Cataract Risk Factors and Causes

Cataracts are extremely common in aging adults. This condition is characterized by cloudy or blurry vision. Fortunately, cataracts can be successfully treated with corrective eyewear or cataract surgery.

Here, our Philadelphia, PA ophthalmology team discusses cataract risk factors as well as common causes and treatment options.

What Causes Cataracts?

The lens of the eye is primarily made of water and protein. In healthy children and adults, the protein composition allows light to pass through the lens, keeping it clear. However, as we age, the protein may cluster or clump together. As a result, cloudiness may develop. This is referred to as a cataract, and over time, it can progress and grow larger.

Cataract Risk Factors

It is possible that cataracts are just a result of normal wear and tear. However, most experts agree that there are some risk factors that can increase your chances of developing the condition:

Additionally, cataracts have also been linked to:

Cataract Prevention

While it is impossible to prevent the development of cataracts, there are certain things you can do to reduce your risk for the condition. For example:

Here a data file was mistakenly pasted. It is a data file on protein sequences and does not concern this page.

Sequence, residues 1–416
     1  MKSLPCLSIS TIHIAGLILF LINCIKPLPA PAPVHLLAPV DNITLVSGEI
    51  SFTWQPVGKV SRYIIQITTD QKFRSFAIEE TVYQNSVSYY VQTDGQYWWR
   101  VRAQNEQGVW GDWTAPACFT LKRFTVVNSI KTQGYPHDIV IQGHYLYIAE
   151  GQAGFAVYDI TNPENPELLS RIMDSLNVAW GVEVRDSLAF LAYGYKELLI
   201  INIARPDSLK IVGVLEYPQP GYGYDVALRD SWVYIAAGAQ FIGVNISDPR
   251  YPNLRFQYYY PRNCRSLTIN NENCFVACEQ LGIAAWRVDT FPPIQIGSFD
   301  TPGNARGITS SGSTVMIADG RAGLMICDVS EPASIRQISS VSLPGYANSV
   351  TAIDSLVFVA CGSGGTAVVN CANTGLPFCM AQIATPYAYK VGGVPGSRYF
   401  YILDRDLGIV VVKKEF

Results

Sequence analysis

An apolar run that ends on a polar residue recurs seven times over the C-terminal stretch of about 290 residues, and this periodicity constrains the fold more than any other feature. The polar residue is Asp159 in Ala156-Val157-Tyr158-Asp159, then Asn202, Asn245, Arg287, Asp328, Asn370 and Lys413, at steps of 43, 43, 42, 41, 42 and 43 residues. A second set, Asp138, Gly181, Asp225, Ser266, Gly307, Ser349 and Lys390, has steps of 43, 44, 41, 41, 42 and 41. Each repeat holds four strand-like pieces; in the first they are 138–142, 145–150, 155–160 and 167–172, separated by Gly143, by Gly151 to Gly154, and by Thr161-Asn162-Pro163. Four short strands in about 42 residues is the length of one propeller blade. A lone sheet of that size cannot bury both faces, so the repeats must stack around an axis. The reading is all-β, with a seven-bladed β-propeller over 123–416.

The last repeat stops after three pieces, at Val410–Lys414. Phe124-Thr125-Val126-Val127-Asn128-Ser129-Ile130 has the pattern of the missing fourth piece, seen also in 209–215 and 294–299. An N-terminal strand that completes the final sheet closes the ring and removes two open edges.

Treatment for Cataracts

At Ophthalmology Physicians and Surgeons, PC, we strive to provide the most conservative treatments available. If you have cataracts, the first line of defense is often corrective eyewear.

A series of tests can be performed at our office to determine the severity and complexity of the condition. Assessments may include visual acuity tests, slit-lamp exams, and retinal evaluations. By performing a complete examination, your doctor can determine if eyeglasses or contacts can improve your vision.

In some cases, cataracts are too severe to be treated with corrective eyewear. In these cases, surgery will be recommended. This generally becomes an option once your cloudy vision begins to affect your quality of life. If you have difficulty driving at night or reading due to your cataracts, it may be time to consider surgical intervention.

Francis Clark, MD

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